Moreover, Masoch himself seems to prompt us where we are to find the answer. The very title of his famous work is certainly not accidental. The reader might think that Venus in furs is the woman the story tells about, but the writer asserts that actually she is a goddess, the goddess of love, not in any romantic transferred meaning, but in literal and direct sense. It is not without purpose that she first appears as a statue. ‘The object of my adoration is of stone’.
Quite evidently, the imperative womanhood that seemed to take possession of Sacher-Masoch is not merely a real, particular woman, but rather an ancient mighty power. Then the role of any real, so to say, particular woman is easy to understand. For, it is nothing but the role that a real woman plays. Actually she is to embody and perform that mighty power. This makes us immediately remember the obviously and evidently theatrical air of ‘Venus in Furs’. If anything, it accounts for all these ‘whips’ and ‘lashes’ and primarily for these ‘furs’ which appear somewhat assistant and supportive. Performing a Goddess, we must admit, is not an easy job. It needs certain special devices to make the effect stronger, though actually they are but common theatrical properties.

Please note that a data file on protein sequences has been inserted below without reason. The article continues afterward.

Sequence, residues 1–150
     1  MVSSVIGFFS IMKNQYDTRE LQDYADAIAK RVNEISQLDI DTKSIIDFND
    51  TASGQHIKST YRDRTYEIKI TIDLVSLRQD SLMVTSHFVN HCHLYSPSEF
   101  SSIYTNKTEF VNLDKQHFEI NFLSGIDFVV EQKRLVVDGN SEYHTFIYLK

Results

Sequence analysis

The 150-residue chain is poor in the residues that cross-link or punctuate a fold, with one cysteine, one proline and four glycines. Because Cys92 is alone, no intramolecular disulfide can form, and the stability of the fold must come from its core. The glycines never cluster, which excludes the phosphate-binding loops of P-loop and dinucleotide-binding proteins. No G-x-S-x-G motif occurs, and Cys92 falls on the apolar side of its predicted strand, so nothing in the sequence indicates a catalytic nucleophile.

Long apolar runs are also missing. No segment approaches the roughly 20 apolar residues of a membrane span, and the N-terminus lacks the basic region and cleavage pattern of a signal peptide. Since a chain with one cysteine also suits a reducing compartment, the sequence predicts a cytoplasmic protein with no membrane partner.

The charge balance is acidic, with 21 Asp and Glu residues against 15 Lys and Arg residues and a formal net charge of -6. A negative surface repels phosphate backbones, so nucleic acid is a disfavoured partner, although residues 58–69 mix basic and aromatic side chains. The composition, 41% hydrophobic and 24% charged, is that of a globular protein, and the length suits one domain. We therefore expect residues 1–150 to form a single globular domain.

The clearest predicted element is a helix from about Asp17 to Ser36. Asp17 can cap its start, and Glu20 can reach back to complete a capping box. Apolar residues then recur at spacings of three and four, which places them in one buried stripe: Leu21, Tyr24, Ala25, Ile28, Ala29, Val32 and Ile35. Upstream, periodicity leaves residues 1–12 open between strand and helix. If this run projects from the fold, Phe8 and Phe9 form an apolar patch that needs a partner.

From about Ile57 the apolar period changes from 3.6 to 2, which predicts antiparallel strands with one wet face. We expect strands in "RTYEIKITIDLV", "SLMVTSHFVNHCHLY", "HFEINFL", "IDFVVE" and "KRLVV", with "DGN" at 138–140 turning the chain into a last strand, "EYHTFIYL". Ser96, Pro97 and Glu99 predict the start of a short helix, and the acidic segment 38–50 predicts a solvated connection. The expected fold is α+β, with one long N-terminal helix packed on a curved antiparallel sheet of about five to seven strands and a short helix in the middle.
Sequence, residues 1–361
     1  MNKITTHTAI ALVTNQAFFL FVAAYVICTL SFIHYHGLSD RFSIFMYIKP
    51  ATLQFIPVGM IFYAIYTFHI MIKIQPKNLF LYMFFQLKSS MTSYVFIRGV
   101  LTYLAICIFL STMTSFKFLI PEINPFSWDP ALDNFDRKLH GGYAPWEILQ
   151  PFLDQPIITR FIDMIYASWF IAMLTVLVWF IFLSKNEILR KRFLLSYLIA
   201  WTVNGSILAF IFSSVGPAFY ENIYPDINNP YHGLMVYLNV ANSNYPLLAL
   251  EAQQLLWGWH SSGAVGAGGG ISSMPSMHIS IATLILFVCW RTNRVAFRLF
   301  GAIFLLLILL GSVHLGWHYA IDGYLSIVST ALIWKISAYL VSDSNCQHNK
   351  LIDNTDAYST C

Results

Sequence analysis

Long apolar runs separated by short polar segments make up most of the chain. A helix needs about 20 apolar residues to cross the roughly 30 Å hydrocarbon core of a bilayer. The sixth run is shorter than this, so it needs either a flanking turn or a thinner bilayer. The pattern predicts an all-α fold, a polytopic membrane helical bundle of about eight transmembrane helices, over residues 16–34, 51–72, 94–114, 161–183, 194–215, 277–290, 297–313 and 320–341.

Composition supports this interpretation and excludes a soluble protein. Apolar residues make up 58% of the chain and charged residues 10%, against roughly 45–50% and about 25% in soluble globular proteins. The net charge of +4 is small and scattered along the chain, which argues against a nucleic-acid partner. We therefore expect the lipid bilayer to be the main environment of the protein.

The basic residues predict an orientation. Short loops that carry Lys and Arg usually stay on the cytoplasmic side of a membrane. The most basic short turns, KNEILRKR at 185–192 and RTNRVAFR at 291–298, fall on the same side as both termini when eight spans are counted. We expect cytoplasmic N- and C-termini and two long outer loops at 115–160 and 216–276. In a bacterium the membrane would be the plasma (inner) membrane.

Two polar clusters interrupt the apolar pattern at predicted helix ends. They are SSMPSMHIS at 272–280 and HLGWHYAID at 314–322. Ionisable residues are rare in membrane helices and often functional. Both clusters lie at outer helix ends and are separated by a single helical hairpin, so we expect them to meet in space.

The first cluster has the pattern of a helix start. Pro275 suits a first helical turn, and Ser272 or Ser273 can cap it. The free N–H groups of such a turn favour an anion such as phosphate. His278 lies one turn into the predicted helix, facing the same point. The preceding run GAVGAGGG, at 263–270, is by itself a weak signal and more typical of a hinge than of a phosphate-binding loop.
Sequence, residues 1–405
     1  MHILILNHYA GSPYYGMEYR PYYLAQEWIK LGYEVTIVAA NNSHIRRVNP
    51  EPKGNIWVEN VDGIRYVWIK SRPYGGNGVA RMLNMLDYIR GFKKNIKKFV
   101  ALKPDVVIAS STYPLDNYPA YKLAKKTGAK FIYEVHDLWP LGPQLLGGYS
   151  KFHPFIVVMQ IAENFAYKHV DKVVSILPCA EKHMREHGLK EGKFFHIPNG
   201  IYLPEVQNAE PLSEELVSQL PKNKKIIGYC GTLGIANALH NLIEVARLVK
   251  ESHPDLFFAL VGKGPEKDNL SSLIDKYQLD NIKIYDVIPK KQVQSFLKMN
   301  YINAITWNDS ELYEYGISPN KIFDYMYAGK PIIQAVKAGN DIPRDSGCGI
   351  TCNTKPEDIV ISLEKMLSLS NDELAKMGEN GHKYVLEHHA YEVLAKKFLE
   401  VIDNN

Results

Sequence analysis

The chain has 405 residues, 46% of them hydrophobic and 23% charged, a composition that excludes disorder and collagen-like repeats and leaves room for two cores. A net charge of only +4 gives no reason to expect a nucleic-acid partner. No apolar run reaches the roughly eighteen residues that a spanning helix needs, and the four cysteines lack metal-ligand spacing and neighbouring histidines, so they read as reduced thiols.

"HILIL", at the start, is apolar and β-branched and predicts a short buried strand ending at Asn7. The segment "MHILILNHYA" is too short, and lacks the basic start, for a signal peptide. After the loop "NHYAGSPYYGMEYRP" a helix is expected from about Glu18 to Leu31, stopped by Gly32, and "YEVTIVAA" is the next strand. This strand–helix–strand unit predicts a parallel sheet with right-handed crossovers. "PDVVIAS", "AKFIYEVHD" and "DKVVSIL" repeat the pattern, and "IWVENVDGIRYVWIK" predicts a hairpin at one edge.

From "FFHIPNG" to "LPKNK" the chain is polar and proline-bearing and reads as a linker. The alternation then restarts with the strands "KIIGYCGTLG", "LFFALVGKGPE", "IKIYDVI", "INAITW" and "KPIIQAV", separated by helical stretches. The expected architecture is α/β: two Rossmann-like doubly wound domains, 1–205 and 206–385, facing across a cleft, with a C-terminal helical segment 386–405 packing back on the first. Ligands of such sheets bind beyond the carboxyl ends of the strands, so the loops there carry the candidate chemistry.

Thus, we are to distinguish between two rather different dimensions. On the one hand, there is a real, but in fact exclusively ‘scenic’ dimension; on the other hand, there is a mythological but virtually determinant one. The text of ‘Venus in Furs’ provides us with many references to the well-known motives from literature and mythology. Moreover, the references at hand seem to excuse and even, if anything, inspire, all this sensuality of Masoch’s. ‘I was reading… the Book of Judith. I envied the hero Holofernes because of the regal woman who cut off his head with a sword, and because of his beautiful sanguinary end’. < ... > ‘I envied King Gunther whom the mighty Brunhilde fettered on the bridal night’.